This post is about project cost estimation. A topic that is often overlooked. Some think project cost estimation is complex. Others simply wing it!
Here’s some simple advice that will give you greater confidence and help mitigate project cost risk.
Wisdom of the Crowd
During the 1990s I made many complex cost estimates — often assessing work that had already been done — for large multi-£M engineering projects. I used analytical estimating techniques. An important feature of this work measurement method is that the job must be broken down into smaller individual tasks.
In so doing I reduced the impact of errors because any errors introduced through my estimates — based on my skill and experience — were in essence random and therefore compensated each other.
In other words, many is smarter than a few.
Project Cost Estimation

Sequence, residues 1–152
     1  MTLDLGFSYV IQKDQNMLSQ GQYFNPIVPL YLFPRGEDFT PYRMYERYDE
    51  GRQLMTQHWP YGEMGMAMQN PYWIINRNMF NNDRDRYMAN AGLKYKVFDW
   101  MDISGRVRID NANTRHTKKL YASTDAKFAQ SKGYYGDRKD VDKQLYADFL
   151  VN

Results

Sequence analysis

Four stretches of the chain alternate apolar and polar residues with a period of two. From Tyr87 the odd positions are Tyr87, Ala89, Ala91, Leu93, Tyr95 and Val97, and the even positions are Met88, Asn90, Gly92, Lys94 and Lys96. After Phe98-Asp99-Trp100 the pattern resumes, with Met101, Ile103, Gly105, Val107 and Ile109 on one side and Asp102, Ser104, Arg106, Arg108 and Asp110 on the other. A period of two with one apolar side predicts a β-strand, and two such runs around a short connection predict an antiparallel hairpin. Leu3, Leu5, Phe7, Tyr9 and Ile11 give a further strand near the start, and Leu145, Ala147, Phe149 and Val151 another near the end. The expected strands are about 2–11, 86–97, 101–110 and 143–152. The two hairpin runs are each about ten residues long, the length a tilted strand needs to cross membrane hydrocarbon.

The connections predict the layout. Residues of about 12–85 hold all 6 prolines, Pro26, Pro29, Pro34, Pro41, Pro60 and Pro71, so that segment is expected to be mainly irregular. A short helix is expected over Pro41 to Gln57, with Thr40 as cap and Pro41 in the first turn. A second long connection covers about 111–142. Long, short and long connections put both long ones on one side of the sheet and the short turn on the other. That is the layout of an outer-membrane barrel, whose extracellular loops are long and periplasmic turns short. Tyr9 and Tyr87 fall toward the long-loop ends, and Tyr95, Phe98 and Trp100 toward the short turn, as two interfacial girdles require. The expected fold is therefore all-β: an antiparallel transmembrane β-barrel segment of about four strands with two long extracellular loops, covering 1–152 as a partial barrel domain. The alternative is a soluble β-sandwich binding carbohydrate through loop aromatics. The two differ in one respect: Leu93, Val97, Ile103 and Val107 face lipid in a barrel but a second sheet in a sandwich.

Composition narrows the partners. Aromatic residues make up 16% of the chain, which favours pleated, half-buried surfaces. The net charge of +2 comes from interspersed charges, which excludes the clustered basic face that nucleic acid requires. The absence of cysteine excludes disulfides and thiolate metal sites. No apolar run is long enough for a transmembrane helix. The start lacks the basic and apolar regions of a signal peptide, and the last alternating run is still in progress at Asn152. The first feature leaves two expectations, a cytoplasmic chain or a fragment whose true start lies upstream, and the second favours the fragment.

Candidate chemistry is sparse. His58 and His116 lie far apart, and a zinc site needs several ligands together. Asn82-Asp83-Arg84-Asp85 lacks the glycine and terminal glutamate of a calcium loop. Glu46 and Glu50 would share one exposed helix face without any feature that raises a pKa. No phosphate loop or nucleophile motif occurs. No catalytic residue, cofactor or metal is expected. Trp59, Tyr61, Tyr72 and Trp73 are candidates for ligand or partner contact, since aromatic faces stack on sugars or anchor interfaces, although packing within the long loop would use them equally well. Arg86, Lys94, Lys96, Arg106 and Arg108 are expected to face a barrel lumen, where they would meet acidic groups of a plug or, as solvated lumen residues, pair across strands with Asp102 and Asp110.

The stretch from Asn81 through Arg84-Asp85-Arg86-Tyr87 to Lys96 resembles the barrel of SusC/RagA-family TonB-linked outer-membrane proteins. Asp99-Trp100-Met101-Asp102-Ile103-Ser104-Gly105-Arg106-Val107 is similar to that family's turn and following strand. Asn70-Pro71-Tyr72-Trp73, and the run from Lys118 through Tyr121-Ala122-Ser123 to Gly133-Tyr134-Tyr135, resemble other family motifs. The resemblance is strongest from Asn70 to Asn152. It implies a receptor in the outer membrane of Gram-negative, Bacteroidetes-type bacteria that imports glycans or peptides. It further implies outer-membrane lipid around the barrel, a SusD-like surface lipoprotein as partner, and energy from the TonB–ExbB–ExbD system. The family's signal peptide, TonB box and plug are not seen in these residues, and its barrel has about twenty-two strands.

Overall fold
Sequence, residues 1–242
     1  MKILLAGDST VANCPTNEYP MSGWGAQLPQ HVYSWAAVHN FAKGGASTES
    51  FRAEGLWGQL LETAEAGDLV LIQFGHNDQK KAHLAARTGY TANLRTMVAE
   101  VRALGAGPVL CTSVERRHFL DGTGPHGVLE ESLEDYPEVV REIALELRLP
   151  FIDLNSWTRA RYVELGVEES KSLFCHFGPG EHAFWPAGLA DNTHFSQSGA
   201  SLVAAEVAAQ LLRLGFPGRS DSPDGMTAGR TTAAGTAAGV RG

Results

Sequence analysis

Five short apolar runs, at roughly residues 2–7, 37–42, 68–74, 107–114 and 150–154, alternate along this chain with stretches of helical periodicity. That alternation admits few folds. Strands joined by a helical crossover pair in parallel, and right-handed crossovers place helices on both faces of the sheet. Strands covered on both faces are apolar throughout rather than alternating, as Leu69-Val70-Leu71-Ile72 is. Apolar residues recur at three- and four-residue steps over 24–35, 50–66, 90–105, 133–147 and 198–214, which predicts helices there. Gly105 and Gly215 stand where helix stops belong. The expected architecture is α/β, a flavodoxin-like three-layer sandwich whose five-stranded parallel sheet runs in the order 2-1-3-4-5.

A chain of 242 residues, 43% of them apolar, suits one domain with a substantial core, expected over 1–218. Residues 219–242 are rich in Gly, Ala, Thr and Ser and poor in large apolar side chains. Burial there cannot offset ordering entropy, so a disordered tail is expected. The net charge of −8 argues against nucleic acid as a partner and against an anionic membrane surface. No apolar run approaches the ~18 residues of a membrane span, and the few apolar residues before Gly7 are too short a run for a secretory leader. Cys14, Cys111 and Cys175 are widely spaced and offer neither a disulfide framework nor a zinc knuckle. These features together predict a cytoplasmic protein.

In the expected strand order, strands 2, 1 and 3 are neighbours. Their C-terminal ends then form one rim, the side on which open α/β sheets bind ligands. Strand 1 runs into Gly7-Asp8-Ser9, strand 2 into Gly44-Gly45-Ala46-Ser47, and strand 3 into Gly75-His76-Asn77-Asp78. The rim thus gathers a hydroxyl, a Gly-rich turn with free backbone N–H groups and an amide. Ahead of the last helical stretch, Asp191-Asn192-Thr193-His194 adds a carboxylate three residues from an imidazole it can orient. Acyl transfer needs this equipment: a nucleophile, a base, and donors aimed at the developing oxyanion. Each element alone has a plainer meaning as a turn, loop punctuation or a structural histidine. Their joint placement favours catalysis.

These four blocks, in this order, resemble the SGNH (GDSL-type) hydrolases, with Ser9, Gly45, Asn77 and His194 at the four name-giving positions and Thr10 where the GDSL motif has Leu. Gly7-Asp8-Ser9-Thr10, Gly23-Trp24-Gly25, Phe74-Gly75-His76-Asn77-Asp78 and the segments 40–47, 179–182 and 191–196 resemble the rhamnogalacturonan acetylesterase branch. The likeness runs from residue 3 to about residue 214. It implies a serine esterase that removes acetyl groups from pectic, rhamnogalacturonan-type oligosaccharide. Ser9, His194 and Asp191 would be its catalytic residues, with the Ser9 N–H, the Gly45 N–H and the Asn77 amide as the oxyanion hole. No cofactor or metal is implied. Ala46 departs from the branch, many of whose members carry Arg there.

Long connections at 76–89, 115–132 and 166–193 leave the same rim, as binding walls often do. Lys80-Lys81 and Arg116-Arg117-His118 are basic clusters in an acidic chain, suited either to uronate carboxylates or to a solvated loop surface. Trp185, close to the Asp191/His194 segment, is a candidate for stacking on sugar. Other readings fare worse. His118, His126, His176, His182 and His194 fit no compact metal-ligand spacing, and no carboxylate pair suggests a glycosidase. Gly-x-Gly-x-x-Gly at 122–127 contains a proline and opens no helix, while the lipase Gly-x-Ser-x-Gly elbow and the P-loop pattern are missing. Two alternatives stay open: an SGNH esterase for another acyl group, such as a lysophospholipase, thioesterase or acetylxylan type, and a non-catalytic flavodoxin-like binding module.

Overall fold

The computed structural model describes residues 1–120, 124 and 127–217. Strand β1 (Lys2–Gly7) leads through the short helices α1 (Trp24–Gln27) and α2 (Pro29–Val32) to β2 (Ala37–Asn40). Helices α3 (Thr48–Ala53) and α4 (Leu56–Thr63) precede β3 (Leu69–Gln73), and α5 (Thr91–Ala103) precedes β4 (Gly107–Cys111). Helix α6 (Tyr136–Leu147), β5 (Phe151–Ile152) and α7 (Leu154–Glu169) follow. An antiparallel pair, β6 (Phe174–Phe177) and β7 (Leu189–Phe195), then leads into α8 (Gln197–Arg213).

This is a key reason for preparing reliable time and cost estimates for your project.
Typically estimating uncertainties translate into project schedule or cost risk. Whilst improved customer requirements — good foundations — will inevitably help the project organisation perform as planned it is paramount that schedule and cost estimates are not artificially low (or high.)
Therefore, when preparing a project plan a number of approaches should be employed to arrive at an estimate.
For example, historical cost data, defined Work Breakdown Structure or Product Breakdown Structure — possibly standardised across projects — and a systematic understanding of the types of cost associated with feasibility, development, and deployment.
However, you can greatly improve the quality of your estimates by breaking down those areas you are least confident about into many parts. A lack of data will increase the uncertainty of the cost model equation.
Therefore, more data points should be included since the use of more relevant data will inevitably increase the validity of your estimating model.
How do you approach project cost estimation?
What estimating techniques do you use?